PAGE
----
A ‘Freedom Bill’ or ‘Great Repeal Bill’ will be enacted. The ID card scheme, the national identity register, the next generation of biometric passports, and the Contact Point Database will be scrapped. Traditional civil liberties will be restored.
Music to my ears!
Fixed term parliaments will be established. This means that the next general election will be on the first Thursday of May in 2015, unless 55% of both Houses of Parliament vote to dissolve before then.
This is a probably a political requirement of coalition government – it prevents the Conservatives from trying to stitch up the Liberal Democrats by calling an election whenever it looks like they could get an overall majority. The downside of fixed election dates is that they tend to lengthen the campaign phase of the political cycle – something most of us could do without!
Legislation will introduce fewer and more equal sized parliamentary constituencies, and ensure a referendum on the Alternative Vote.
A fairer distribution of seats is an essential reform, and I’m relaxed about a referendum on the Alternative Vote. I still think the most important quality of an electoral system is that it allows you to change governments, rather than that it ‘accurately reflects the views of voters’ (which, as any public choice economist will tell you, would never happen anyway). Moreover, I suspect that the Alternative Vote would force politicians to cluster even more around the centre ground, and may drive politics to become even more shallow and personality-driven. So sticking with first-past-the-post would be my preference, but I’m open to persuasion. After all, the Alternative Vote doesn’t seem to have thrown up too many problems in Australia.
A committee will be set up to bring forward proposals on introducing a mainly or wholly PR-elected House of Lords, with members serving a single long term. This committee will report by December this year.
As it stands, the unelected House of Lords does a far better job of protecting our liberties than the elected House of Commons. Might that quality of the Lords be lost in the introduction of elections, especially if those elections are based on a party list system, leading to the Lords being stuffed full of party apparatchiks? Most likely, yes. On the other hand, there are clearly inadequacies with the current system and the impetus for change is strong. What matters is that any changes deliver a House of Lords that is more willing to stand up to government, better able to scrutinize legislation, and more effective at protecting liberty than the current one, and not less. How they might be done is a subject for another time, but this is clearly the test that any changes to our constitutional arrangements should be judged.
Voters will get the right of recall: a petition signed by ten percent of an MP’s constituents will trigger a by-election (assuming the MP was found to have engaged in serious wrongdoing).
Good, although this does seem a case of closing the gate after the horse has bolted. I can’t see the right of recall be used all that much in future (even if it would have been very useful during the expenses scandal). And of course, who judges whether an MP has been engaged in serious wrongdoing or not?
A House Business Committee will be put in charge of Parliament’s timetable, to ensure that the legislature is properly able to hold the executive to account.
This is an excellent idea. Over the past couple of decades the executive has come to utterly dominate the legislature. Any measures to reverse this trend are welcome.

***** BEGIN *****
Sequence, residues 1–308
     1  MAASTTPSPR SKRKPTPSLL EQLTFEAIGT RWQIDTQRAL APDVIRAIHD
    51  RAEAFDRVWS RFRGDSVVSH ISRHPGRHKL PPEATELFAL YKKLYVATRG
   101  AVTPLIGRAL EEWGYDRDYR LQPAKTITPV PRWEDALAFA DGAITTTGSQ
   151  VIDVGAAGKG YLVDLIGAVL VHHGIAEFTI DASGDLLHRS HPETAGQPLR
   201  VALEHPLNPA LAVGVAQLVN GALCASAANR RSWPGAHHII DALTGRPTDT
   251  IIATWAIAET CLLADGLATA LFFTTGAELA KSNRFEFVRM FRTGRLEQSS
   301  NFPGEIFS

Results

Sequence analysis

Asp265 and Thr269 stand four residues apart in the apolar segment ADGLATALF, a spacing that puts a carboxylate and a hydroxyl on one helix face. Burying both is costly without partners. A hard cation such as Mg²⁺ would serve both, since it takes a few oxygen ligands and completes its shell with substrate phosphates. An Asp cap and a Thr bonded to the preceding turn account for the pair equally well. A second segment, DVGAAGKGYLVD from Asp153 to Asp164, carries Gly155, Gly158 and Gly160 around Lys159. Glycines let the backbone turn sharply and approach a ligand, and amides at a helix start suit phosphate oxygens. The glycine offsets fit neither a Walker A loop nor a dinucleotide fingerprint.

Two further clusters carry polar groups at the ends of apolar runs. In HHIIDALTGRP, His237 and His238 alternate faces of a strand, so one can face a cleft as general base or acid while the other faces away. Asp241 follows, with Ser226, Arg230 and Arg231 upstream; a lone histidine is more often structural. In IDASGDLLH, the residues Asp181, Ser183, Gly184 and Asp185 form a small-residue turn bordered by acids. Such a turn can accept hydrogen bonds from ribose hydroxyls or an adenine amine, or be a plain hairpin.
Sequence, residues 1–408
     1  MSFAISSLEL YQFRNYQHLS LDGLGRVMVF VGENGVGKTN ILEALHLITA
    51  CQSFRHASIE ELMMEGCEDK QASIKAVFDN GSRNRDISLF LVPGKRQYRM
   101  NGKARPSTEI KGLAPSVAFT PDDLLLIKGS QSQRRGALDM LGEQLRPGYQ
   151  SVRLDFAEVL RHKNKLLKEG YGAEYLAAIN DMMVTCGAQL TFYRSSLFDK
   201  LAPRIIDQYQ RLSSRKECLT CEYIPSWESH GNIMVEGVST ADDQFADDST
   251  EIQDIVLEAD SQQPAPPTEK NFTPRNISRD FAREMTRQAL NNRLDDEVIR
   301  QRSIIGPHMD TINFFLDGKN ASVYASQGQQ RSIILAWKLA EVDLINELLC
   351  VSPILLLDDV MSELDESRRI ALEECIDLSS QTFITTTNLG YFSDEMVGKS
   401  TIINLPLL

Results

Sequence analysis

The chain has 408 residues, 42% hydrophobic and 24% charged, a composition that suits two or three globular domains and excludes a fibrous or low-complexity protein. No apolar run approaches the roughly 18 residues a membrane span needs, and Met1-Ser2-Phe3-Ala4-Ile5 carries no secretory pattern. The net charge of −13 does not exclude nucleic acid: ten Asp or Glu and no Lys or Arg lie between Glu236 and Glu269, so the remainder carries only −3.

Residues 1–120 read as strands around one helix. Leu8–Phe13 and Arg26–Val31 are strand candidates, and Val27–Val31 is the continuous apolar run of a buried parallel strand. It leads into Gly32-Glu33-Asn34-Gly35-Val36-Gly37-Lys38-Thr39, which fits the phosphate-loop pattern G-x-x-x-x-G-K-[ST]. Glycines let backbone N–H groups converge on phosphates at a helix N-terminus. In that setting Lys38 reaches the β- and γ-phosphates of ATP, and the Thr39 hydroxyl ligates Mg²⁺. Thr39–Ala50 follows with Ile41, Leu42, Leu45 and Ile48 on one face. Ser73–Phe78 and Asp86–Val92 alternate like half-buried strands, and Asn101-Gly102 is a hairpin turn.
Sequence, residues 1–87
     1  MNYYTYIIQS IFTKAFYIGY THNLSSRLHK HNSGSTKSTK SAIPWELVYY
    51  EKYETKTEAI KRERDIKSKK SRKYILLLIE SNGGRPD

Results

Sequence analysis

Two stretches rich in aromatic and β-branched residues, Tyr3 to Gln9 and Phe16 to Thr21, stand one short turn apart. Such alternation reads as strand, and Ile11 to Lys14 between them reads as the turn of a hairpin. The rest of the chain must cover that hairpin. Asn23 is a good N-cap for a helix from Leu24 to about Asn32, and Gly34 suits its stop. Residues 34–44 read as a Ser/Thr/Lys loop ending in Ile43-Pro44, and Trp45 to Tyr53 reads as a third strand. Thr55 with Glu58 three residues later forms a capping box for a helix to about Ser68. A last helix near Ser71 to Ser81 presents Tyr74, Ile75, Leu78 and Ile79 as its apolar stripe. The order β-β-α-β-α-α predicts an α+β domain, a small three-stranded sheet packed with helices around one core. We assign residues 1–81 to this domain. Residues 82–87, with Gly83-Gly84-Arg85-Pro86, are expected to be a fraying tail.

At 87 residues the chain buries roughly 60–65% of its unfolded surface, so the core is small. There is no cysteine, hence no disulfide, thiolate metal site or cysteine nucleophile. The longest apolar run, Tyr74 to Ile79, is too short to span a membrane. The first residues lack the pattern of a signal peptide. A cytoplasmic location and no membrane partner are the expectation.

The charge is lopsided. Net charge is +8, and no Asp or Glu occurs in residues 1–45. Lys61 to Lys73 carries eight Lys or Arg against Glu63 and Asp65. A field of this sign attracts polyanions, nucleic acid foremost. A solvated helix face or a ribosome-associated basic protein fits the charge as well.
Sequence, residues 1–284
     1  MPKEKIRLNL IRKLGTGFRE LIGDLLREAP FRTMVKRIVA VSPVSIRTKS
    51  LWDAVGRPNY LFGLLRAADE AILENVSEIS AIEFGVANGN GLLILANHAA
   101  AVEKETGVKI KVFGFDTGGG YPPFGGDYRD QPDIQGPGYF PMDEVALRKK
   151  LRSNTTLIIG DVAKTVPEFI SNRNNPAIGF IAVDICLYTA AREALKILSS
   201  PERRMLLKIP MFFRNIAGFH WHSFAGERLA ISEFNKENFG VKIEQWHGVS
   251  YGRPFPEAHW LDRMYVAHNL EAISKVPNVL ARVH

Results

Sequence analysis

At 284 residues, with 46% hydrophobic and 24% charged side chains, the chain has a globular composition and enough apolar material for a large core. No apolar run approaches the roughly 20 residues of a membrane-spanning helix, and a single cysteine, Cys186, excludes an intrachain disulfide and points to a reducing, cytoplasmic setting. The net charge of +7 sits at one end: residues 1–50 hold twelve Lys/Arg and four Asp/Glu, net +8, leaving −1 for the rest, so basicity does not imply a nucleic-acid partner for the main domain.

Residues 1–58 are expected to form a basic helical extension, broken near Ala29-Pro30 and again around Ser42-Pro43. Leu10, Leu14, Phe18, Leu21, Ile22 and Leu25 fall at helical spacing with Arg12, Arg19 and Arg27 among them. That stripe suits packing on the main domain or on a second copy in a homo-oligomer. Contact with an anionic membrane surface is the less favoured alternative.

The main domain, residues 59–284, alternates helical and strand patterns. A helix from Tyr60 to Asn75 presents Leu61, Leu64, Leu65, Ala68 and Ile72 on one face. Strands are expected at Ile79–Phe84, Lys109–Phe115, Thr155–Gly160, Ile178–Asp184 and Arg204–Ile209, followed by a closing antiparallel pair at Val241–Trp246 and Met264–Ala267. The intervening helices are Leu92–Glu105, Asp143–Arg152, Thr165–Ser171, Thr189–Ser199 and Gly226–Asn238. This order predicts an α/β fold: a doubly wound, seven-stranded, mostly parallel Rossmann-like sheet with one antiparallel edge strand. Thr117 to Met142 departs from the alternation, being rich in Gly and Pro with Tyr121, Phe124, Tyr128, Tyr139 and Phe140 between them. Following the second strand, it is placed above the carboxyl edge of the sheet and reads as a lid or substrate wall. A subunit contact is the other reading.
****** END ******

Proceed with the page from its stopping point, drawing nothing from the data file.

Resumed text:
A commission will be established to consider the ‘West Lothian question’.
Fine, as long as the issue doesn’t get kicked into the long grass. I think the time has come for England to have its own Parliament.
The Calman Commission’s proposals will be implemented, and the Welsh will be offered a referendum on further devolution.
As I’ve written before, the Calman Commission’s proposals are a complete dog’s breakfast that would do very little to increase Scotland’s fiscal autonomy or to encourage more prudent expenditure. A much better idea would be to keep National Insurance and VAT as UK taxes, and devolve everything else to Holyrood. As for greater devolution in Wales: no objections here.
An agreement on limiting donations and reforming party funding will be pursued, with the aim of removing ‘big money’ from politics.
When they say big money, I have a funny feeling the mean trade union money – i.e. Labour money. But party politics aside, I’m not convinced the further regulation of political donations is either necessary or desirable. And under no circumstances would I be willing to contemplate state funding of political parties (which would further insulate our political class from the real world). Unfortunately this is likely to be the direction in which banning ‘big money’ would take us.
Power will be radically devolved to local government, which will be given greater financial autonomy. There will be a full review of local government finance.
This is good stuff, but I’ll believe it when I see it. Now that they have finally got their hands on a bit of central power, the Liberal Democrats may cool about giving that power away to local authorities. And I suspect the Tories will be very wary about making any changes to local government finance – the words ‘poll tax’ don’t provoke happy memories. If decentralization does go ahead, the government should start abolishing the regional tier of government and redistributing its powers to the local level. The next step is to give local authorities real policy freedom in the areas they are responsible for. Then they should be made as fully self-financing as possible.
A high-speed rail network will be established, the third runway at Heathrow will be canceled, and no new runways at Gatwick or Stansted will be allowed. We won’t get any new nuclear power stations, but we will get lots of new environmental legislation.
It’s a shame to finish on a negative, but this has the main area of concern in the coalition agreement – a great multitude of sins are being proposed under the cover of ‘making Britain a low carbon economy’. Most of them are likely to increase prices for consumers, encourage more businesses to rent-seek rather than engage in entrepreneurial activity, and significantly decrease our energy security. High-speed rail is likely to cost a lot and fail to deliver corresponding benefits, while not allowing new runways is likely to make life even more difficult for British travelers.